So You’ve Got Them: Now What? Retaining Your Multigenerational Workforce
Organizations aren’t going to keep people forever. In many cases, long-term corporate loyalty is virtually dead. However, this doesn’t mean that employee retention strategies are pointless. The goal of employee retention should be to create highly engaged employees that stay with an organization longer.
Some critics claim that today’s employees are fickle and quickly hop from organization to organization. But that isn’t necessarily true. Employees will stay with an organization if they believe that they are valued. It’s important to note that “value” is more than an emotional feeling. It’s a rational calculation based on what an organization does for its employees, such as engaging employees in the decision making process, providing timely reward and recognition, and supporting career development and growth
How Each Generation of Employees Measures ‘Value’
Each generational cohort (Traditionalists, Baby Boomers, Gen Xers and Gen Ys) evaluates and calculates the value of their organization’s people programs and practices differently. Because of the differing generational values, expectations and behaviours, people strategies should not be one-size-fits-all. Instead, they should be tailored to the operational environment, the strategic business goals and the characteristics of all employee groups.
For Gen Xers and Gen Ys, learning and development programs influence how long they stay with an organization. Gen Xers are focused constantly on gaining and maintaining marketable skills. If they cannot learn new skills through informal or formal learning supported by the organization, they may look elsewhere. Gen Ys increasingly see the opportunity to learn as a right, not a privilege. They have been encouraged to believe in and value life-long learning. They expect an organization to provide them with growth opportunities. However, learning doesn’t mean just formal classroom training; it includes job shadowing, peer mentoring, action learning and stretch assignments.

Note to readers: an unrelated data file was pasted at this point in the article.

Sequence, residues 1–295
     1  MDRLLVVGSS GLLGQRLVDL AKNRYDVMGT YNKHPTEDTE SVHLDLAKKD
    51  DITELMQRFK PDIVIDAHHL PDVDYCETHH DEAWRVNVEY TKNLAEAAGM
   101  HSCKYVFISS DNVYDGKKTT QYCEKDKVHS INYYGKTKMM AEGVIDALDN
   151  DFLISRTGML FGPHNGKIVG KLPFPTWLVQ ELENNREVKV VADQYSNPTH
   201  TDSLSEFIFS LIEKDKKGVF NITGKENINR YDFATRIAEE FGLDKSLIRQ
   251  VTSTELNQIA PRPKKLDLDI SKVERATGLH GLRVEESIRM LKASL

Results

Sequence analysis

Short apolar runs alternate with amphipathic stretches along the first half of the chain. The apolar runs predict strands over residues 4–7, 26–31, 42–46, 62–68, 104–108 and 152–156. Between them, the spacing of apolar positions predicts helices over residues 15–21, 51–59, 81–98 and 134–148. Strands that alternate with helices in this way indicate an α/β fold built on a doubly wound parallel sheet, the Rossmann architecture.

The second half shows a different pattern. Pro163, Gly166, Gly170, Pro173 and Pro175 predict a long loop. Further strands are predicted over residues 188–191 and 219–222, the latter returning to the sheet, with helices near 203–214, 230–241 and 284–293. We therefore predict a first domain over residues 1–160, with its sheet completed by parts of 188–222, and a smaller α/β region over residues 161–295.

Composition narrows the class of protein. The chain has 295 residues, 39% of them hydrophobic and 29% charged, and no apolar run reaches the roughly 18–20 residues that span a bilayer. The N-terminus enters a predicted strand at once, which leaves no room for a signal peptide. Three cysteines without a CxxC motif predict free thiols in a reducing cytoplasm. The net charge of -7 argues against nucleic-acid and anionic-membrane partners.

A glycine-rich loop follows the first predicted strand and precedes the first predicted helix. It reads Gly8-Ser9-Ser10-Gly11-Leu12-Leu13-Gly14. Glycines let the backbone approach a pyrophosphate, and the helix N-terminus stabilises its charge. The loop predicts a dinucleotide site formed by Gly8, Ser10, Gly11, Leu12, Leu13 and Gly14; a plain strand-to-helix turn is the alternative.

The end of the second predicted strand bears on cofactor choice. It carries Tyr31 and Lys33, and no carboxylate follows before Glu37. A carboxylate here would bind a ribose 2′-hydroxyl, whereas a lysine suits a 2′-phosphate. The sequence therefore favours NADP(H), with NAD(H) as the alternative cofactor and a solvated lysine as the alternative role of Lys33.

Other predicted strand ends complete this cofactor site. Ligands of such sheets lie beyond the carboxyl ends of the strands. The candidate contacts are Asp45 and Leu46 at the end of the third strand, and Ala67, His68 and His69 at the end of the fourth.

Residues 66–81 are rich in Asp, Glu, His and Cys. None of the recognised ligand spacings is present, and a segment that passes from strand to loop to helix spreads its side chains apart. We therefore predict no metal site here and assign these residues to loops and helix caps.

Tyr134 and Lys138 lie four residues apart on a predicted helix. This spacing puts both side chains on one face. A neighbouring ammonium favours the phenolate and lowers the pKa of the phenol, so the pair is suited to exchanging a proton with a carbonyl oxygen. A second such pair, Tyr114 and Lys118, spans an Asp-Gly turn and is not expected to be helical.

For Baby Boomers and Traditionalists, organizations should consider providing enhanced development opportunities for those who are seasoned in their careers. Many Baby Boomers are interested in continuing to work past retirement eligibility, but only in roles that interest them. If organizations tap into those interests and help to develop their skills, the experienced generations will be more inclined to continue working and will remain engaged in the business longer.
Providing Value to Employees of all Generations
There is no silver bullet to employee retention. Mechanisms used to retain Traditionalists and Baby Boomers, such as pension plans, long-term bonus incentives, and stock plans/options, no longer guarantee that employees will stay for their entire careers. It is important to also consider the non-financial benefits that will motivate and engaged experienced employees such as a flexible and engaging work environment.
Many employees today are looking for a return on their investment in an organization, comprised of short, medium and long-term benefits. This is especially true of Gen X and Gen Y employees. If organizations only focus on creating people practices that appeal to employees who are invested for the medium and long-term, they will have challenges in retaining shorter-term , yet often, high performing employees. People practices need to be designed to be integrated and varied in order to appeal to all four generations of employees, by tapping into generational motivations and expectations. From there, the key to success lies in the disciplined execution of all programs. Organizations that provide employees with a high return on investment will have the greatest success in retaining their top talent across all generations.
As president and co-founder of n-gen People Performance Inc., Giselle is dedicated to building strategies and programs that help clients target, motivate and engage employees in order to increase performance and productivity. She is a sought after resource to industry leaders, having worked with 18 of the top Fortune 500 companies across North America. Over 60,000 people globally have experienced an n-gen workshop or presentation. With close to 20 years of experience in learning and development, she has devoted more than 13 years to researching the impact that generational differences have on organizational performance.